Document Type

Article

Department/Program

Virginia Institute of Marine Science

Publication Date

8-27-2017

Journal

Ecology and Evolution

Volume

7

Issue

19

First Page

7786

Last Page

7795

Abstract

Specialist species are more vulnerable to environmental change than generalist species. For species with ontogenetic niche shifts, specialization may occur at a particular life stage making those stages more susceptible to environmental change. In the salt marshes in the northeast U.S., accelerated sea level rise is shifting vegetation patterns from flood-intolerant species such as Spartina patens to the flood-tolerant Spartina alterniflora. We tested the potential impact of this change on the coffee bean snail, Melampus bidentatus, a numerically dominant benthic invertebrate with an ontogenetic niche shift. From a survey of eight marshes throughout the northeast U.S., small snails were found primarily in S. patens habitats, and large snails were found primarily in stunted S. alterniflora habitats. When transplanted into stunted S. alterniflora, small snails suffered significantly higher mortality relative to those in S. patens habitats; adult snail survivorship was similar between habitats. Because other habitats were not interchangeable with S. patens for young snails, these results suggest that Melampus is an ontogenetic specialist where young snails are habitat specialists and adult snails are habitat generalists. Temperature was significantly higher and relative humidity significantly lower in stunted S. alterniflorathan in S. patens. These data suggest that thermal and desiccation stress restricted young snails to S. patens habitat, which has high stem density and a layer of thatch that protects snails from environmental stress. Other authors predict that if salt marshes in the northeast U.S. are unable to migrate landward, sea level rise will eliminate S. patenshabitats. We suggest that if a salt marsh loses its S. patens habitats, it will also lose its coffee bean snails. Our results demonstrate the need to consider individual life stages when determining a species’ vulnerability to global change.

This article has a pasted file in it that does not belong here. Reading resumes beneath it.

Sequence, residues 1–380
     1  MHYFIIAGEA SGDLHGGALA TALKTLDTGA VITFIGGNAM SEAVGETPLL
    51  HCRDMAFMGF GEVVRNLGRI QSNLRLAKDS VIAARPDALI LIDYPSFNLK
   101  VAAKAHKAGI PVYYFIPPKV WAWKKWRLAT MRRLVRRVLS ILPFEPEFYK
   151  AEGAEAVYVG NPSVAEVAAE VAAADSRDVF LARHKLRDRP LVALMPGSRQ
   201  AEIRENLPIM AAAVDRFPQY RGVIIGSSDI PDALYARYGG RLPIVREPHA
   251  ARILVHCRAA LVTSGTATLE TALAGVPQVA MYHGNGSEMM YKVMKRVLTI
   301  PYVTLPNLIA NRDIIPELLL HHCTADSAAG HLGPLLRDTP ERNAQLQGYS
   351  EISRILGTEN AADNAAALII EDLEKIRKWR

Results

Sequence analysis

DOI

10.1002/ece3.3291

Keywords

estuary, extinction risk, gastropods, global change, indirect effects, nursery

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Creative Commons Attribution-Share Alike 4.0 License
This work is licensed under a Creative Commons Attribution-Share Alike 4.0 License.